1. When I first receive my seagrass rugs, they have a bit of green color to them and they smell. But, after a week or so the rug starts to dry out and you get that beautiful golden color, and the smell disappears. That has been my experience over the past 25 years and I love my seagrass rugs. BTW, from my experience with grass rugs, get the the ones with the serged edges. I hate those with the fabric edges that get dirty and are a pain to clean.

  9. Dear Laurel, you drive home another point with coordinating rugs: basic color scheme throughout one’s home. I know those Show House homes show totally different rooms in color and design. But a good portion of us live in open space plans or ones where doors are open. If I had read this blog just a couple of years back, I could have saved myself a lot of grief. A bit late in these twilight years for me. Never too late to learn. Thank you once again for being the best Design Diva I’ve ever had the pleasure to read.

  10. Hi Laurel,
    This is very helpful, thank you. It’s good to know about the availability of samples from Dash & Albert.

    1. Hi Mary,

      It’s so smart of them to do that. Most of theirs are a decent size, as well. What drives me crazy is when I see photos of a rug online and in one or even every pic the rug looks entirely different. True, hand-knotted rugs always have a dark side and a light side. I’m not talking about that. I a cool dull gray blue in one image and then a rather bright turquoise in another.

  11. Can a jute rug be used in a dining room? I’m trying to create a lighter look – both color and style – to get away from dark wood floors in an older, traditional home. I’ve heard jute and sisal will stain, but it’s the look I love. Thank you!

    1. Sisal will definitely stain – even water drops! Jute is perishable – sheds and turns to straw with minimal traffic. Try seagrass – it has neither of these issues.

      1. Hi Molly,

        I always thought so too, until I visited this woman with sisal rugs she said did not stain, with a dog and three kids.

        I have also specked several jute rugs for clients and again, no issues. I’m not saying this is the case for you, but sometimes people use the beater brush on their vacuum and yes, that is a good way to destroy a jute rug.

    2. We have a sisal rug in our dining room that so far has shown no issues. I have only had a couple of dinner parties (with 12 people at the table) but we walk on it everyday to get to the front door from the kitchen. I also use my dining room table a lot so I sit at it to sew, work on spread out papers, etc. I haven’t had any issues with stains or water but that isn’t saying we won’t Here is a link to ours: https://www.ballarddesigns.com/dori-sisal-rug/rugs-drapery/rugs-by-type/natural-fiber/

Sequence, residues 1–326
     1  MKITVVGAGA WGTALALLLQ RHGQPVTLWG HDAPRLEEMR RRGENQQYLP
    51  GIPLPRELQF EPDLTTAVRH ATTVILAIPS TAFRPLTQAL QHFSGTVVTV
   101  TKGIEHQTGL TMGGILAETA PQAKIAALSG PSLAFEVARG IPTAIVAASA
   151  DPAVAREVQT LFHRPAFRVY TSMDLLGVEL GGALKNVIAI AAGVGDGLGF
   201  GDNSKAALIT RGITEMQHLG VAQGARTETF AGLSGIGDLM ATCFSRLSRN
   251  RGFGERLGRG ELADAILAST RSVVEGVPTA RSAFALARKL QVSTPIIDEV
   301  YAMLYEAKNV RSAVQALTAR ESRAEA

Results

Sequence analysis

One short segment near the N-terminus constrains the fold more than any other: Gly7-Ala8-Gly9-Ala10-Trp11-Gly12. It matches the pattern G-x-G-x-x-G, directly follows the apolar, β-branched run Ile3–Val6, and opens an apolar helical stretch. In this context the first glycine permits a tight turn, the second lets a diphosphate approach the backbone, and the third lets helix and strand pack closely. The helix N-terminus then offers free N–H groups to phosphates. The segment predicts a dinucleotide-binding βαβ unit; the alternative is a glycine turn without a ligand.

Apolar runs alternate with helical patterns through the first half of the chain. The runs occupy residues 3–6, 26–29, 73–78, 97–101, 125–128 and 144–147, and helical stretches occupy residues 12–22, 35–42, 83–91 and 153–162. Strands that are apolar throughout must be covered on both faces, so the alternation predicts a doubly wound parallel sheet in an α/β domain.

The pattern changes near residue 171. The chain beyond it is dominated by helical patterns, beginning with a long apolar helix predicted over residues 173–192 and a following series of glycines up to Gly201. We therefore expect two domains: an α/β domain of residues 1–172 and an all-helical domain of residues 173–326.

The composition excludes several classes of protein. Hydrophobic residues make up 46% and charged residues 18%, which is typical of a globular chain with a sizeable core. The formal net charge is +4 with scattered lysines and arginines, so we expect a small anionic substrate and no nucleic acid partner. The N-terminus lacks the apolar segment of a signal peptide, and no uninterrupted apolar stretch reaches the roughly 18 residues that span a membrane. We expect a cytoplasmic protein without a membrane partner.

3. Hi Elizabeth,

      There is so much controversy about wearability and staining issues. If you want to be 100% certain, do seagrass. Over a span of 20 years, I did a million of them. (slight exaggeration) ;]. But, it was dozens. Everyone loved the rugs and said they were the best thing ever. Plus, they look wonderful in dining rooms underneath formal or informal furnishings.

      As for sisal and jute. I always say to get a sample, or rather two samples if you can. Or, even a small 2′ x 3′ rug. And do the peanut butter and coffee test outlined in this post.

      I figure if one can get greasy peanut butter out, as well as coffee, then it’s going to be a good thing.

      One thing I should be saying with every post.

      DO NOT USE THE BEATER BRUSH WITH YOUR RUGS! Even if THAT is the “rug setting.”

  12. Laurel, would you put wool in the category of natural fiber? I tend to be barefoot at home and find sisal, jute etc. uncomfortable. I went a wool carpet in our bedrooms with a low weave and neutral color that imitates sisal. It is softer on my feet and vacuums like a dream. I also have it as a runner on the stairs. I left the downstairs floors uncovered because I love the look of wood. With regard to covering the stairs with a runner or not – I have slipped butt down our bare wood stairs and also after the runner was installed. I think the key to not falling down or up is holding onto the banister.😉

    1. Hi Marlene,

      Wool is absolutely a natural fiber and always an excellent choice because it is inherently “self-cleaning.” Plus, a well-maintained wool rug will last forever. In years past, I did a number of wool “sisals.” That is wool with a boucle weave, akin to sisal. My favorite one, however, was wool and sisal. I did that rug many times too.

      The only drawback with wool is a quality wool rug, especially a hand-made one (hand-knotted) is going to cost more than any other fiber.

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Hi, I’m Laurel, and Laurel Home is the website and blog for Laurel Bern Interiors.